A quick break. We're back in just a moment with much more.


[14:13:16] BALDWIN: Welcome back. You're watching CNN. I'm Brooke Baldwin.

Watching and waiting for that daily press conference there with Sean Spicer. As we wait, I want to bring my panel back in because a little something that he may be asked about today, and I'm going to turn to you two to talk about this, is the special election in Georgia. We saw what happened in Kansas. But we're look at Georgia because Georgia could be the sort of microcosm as we look ahead to maybe midterms or maybe even four years from now.

The issue is, they have to fill this sixth congressional seat. Tom Price is now the HHS secretary and now millions and millions of dollars have been pulled in for this Democrat, this 30-year-old filmmaker. All these, you know, celebrities are coming in because the base is fired up. Why is this so much more than just a congressional seat?

HOLIDAY: This is a referendum on Donald Trump right now and Jon Ossoff, the 30-year-old filmmaker, is really going after Donald Trump. If you watch his ads, he's pledging to say - he's saying if Trump embarrasses us or acts recklessly, I will stand up to him. Democrats are not complaining about money in politics at this point because they are benefitting from millions of dollars pouring into this race. Jon Ossoff is also facing a fractured GOP. So the key is, he has to get above 50 percent to take this seat. If he doesn't get 50 percent, you'll see a runoff and he may not win a runoff because it still is a red district. But, nevertheless, intense media attention.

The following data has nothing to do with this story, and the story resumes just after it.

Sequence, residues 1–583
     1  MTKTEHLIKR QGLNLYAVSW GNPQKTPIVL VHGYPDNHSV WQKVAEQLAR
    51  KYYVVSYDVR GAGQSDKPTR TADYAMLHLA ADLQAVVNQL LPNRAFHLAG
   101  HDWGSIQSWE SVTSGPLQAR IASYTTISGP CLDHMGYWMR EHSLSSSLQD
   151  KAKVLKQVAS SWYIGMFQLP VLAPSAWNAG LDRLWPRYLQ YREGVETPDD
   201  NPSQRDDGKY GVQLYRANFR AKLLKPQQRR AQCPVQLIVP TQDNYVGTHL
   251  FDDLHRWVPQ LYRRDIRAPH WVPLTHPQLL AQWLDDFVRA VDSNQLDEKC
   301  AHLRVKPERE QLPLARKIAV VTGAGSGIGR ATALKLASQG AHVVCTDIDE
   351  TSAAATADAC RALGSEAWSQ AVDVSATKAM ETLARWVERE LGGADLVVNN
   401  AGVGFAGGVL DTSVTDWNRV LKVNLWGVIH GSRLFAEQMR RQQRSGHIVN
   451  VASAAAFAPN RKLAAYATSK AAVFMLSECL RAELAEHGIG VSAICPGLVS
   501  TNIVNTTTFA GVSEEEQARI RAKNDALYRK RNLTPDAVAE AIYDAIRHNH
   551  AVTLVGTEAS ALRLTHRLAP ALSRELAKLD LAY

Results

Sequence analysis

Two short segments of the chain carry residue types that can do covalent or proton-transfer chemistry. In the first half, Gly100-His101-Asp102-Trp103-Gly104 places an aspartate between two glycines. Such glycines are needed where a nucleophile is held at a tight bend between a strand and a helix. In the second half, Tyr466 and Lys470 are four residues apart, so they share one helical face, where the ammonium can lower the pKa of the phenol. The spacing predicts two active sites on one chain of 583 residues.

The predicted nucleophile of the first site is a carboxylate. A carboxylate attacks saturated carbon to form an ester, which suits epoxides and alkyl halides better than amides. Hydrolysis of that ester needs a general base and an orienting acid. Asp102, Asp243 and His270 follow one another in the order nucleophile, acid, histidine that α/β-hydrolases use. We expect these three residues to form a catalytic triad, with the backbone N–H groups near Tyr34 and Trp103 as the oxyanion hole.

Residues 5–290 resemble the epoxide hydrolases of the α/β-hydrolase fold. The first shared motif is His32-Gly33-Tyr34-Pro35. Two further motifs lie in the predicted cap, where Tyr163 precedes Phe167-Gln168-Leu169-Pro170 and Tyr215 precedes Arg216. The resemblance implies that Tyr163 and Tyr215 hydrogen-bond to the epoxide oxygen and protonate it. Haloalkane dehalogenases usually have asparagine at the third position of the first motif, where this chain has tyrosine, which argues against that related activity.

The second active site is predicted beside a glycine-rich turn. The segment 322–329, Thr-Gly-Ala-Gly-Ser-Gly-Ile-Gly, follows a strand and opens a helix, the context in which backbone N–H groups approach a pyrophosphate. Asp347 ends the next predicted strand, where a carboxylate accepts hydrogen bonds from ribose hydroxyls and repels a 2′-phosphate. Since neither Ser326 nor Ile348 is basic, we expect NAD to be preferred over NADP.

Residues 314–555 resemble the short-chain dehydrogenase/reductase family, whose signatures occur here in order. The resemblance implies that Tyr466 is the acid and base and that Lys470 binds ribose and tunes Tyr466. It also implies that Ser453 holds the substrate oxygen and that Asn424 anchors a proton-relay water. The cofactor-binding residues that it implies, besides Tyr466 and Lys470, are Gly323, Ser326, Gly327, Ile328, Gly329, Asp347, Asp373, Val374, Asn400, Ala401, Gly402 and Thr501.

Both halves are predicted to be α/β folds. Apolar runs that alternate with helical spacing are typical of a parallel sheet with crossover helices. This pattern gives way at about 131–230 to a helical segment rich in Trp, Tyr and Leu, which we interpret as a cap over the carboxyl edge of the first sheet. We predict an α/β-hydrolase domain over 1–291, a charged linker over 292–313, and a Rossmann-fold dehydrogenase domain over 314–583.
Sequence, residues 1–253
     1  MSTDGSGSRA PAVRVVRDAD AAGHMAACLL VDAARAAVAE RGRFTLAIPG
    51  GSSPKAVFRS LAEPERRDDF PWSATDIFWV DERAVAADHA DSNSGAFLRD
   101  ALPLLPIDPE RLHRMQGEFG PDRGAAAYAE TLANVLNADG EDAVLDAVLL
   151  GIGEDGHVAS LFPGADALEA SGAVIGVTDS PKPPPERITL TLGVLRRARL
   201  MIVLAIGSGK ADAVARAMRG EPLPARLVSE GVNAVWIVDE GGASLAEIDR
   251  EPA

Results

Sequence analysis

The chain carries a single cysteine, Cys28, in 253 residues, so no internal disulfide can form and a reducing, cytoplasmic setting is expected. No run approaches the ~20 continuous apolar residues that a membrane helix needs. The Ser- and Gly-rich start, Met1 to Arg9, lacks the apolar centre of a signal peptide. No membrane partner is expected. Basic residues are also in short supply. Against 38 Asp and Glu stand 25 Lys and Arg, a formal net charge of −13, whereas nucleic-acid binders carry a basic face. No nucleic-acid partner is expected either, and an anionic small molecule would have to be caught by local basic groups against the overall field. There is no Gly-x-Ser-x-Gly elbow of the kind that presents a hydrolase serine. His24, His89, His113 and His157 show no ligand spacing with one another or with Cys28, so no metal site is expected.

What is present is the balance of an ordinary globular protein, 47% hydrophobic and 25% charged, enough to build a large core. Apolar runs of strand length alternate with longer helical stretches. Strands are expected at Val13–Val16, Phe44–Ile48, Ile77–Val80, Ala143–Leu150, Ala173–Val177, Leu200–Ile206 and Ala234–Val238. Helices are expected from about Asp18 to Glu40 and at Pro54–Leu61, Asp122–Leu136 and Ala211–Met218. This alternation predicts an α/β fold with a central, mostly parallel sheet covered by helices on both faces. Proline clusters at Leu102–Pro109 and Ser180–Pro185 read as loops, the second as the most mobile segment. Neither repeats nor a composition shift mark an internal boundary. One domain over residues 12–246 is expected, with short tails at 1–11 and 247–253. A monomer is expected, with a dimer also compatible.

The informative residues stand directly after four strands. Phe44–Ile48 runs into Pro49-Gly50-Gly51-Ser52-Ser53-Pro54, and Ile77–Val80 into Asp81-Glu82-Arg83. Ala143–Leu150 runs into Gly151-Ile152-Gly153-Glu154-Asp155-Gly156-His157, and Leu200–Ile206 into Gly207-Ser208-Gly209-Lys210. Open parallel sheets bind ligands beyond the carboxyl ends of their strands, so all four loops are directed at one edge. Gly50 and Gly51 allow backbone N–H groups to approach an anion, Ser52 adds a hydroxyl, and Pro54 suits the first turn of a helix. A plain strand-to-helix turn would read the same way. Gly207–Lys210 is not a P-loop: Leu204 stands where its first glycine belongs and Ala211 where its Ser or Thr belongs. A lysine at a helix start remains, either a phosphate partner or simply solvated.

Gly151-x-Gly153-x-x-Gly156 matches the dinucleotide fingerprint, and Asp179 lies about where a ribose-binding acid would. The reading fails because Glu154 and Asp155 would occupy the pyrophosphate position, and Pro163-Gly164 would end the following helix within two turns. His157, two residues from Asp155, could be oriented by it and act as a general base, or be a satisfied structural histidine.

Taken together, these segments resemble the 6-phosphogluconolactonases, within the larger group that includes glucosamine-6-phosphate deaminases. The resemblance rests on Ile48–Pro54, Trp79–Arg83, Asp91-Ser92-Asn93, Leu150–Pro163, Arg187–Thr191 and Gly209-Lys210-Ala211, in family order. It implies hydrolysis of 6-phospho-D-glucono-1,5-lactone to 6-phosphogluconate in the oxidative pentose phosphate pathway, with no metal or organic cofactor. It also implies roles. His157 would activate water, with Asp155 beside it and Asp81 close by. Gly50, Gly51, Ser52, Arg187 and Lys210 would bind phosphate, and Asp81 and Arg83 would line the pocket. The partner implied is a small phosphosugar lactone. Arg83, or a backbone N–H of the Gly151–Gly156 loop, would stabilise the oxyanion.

BALDWIN: Thank you, Shelby.

And here is Sean Spicer.

[14:14:39] SEAN SPICER, WHITE HOUSE PRESS SECRETARY: And have had a chance to go out and check out the activity on the South Lawn. We've got a few waves still to go.

The president and the first lady welcomed thousands of families here to the White House this morning for the 139th annual Easter Egg Roll. When it's all said and done, we'll have had thousands of guests, including many active duty military, veterans families, children from local schools, patients from local children's hospitals, all here to share in this historic event. SEAN SPICER, WHITE HOUSE PRESS SECRETARY: Good afternoon, everybody.

I hope those who celebrate had a great Easter holiday and had a chance to go out and check the activity on the South Lawn. We've got a few waves still to go.

The president and the first lady welcomed thousands of families here to the White House this morning for the 139th annual Easter Egg Roll. When it's all said and done, we'll have had thousands of guests, including many active-duty military, veterans' families, children from local schools, patients from local children's hospitals, all here to share in this historic event.

Right about now, the president is finishing up his regular meeting with the secretary of state.